Deputy PM Barnaby Joyce unveils $900,000 forestry project | photos, video

Deputy PM Barnaby Joyce came to Wauchope to announce a project which puts a value on Australia’s natural resources.

Forest and Wood Products Australia will get $900,000 for a project to apply Natural Capital Accounting on forestry, cotton and fisheries enterprises.

Natural Capital Accounting is an internationally recognised way of calculating the value of natural assets like soil, air, water and biodiversity.

That information can then be incorporated into economic models and accounting systems.

Minister Joyce said the project would give Australian forestry, cotton and fisheries producers the tools they need to incorporate the value of natural assets into their business systems.

The timber industry is a great industry; it's renewable and sustainable.

Deputy PM Barnaby Joyce

“Many financial institutions are increasingly considering natural capital in their credit risk calculations, and offer lower interest rates for businesses that can prove they are managing their land and other natural resources well.

“This project will not only help producers, like forestry businesses here in Wauchope, manage their natural resources well to increase productivity, it could also help them access cheaper finance, by giving them the tools they need to demonstrate best practice management of their natural assets,” he added.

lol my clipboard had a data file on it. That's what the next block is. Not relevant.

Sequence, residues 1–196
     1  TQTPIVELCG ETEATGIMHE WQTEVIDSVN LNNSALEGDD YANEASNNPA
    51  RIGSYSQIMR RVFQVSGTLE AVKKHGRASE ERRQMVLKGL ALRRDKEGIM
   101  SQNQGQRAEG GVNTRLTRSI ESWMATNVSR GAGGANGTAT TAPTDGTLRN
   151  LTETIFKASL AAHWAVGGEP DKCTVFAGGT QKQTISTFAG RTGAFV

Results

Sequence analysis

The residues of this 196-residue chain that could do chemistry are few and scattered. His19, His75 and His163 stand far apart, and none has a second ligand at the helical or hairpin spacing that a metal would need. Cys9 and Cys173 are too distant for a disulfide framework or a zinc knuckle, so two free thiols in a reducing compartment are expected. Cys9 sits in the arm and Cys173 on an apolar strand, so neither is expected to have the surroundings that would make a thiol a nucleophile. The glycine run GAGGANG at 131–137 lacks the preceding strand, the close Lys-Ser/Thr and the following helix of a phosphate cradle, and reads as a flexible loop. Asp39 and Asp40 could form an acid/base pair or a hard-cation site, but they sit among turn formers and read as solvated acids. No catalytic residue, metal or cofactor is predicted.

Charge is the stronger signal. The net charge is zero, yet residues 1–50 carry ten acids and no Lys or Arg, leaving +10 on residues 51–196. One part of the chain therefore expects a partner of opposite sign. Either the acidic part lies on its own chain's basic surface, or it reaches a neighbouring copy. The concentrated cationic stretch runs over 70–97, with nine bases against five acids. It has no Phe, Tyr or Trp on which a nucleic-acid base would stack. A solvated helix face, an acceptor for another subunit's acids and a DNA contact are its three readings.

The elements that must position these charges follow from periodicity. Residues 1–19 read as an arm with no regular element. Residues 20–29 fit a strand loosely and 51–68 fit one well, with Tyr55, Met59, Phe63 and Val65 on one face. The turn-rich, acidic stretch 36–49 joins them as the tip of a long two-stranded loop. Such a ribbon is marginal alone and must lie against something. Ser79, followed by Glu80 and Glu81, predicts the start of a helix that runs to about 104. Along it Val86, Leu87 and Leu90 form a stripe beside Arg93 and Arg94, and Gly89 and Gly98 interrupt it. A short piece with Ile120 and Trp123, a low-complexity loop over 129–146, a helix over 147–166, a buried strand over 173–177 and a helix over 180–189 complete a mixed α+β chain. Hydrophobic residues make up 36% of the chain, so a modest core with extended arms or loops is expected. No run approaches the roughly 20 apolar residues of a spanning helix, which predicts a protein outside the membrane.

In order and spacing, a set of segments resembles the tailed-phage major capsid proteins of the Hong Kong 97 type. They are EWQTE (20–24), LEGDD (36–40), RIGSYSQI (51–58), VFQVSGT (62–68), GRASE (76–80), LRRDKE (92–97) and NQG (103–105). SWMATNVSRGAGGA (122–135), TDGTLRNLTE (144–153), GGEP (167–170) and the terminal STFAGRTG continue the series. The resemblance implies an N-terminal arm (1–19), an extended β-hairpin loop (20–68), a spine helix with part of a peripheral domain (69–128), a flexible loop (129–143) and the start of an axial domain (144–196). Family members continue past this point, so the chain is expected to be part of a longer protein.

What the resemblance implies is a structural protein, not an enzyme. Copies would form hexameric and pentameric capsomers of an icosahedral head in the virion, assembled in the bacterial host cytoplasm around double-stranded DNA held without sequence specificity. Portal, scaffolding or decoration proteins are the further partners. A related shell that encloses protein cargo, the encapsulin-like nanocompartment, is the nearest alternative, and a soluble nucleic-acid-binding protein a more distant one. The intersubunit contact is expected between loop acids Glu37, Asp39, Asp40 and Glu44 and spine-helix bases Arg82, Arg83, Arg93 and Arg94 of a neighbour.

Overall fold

The project is funded under Round 3 of the Rural R&D for Profit Programme.

Dr Gillespie said Australia’s forestry, cotton and fisheries industries are amongst the best managed and most sustainable in the world, but public misconceptions mean their credentials as good environmental stewards are often challenged.

“This project help these industries quantify and clearly demonstrate their environmental sustainability and clean and green credentials, which in turn will build consumer confidence and give them a competitive advantage in premium markets,” he said.

Jim Houghton from Forest Wood Products Australia said the project is terrific news for cotton, fisheries and rural industries which have all been working on a sustainable footing and will now be able to demonstrate that.

“It’s about trying to take all the environmental services that come from sustainable operations, to quantify them and putt a dollar value on them – the quality of the land, the water and the air,” he said.

Libby Pinkard from CSIRO said it’s a really exciting opportunity for CSIRO to be involved in very important research.

“There are potential opportunities for better environmental and economic outcomes for enterprises of interest to investors and purchasers of Australian products,” she said.

Anthony O’Grady from CSIRO Products said it would give primary producers access to premium markets and really build Brand Australia with processes which are sustainable into the future.


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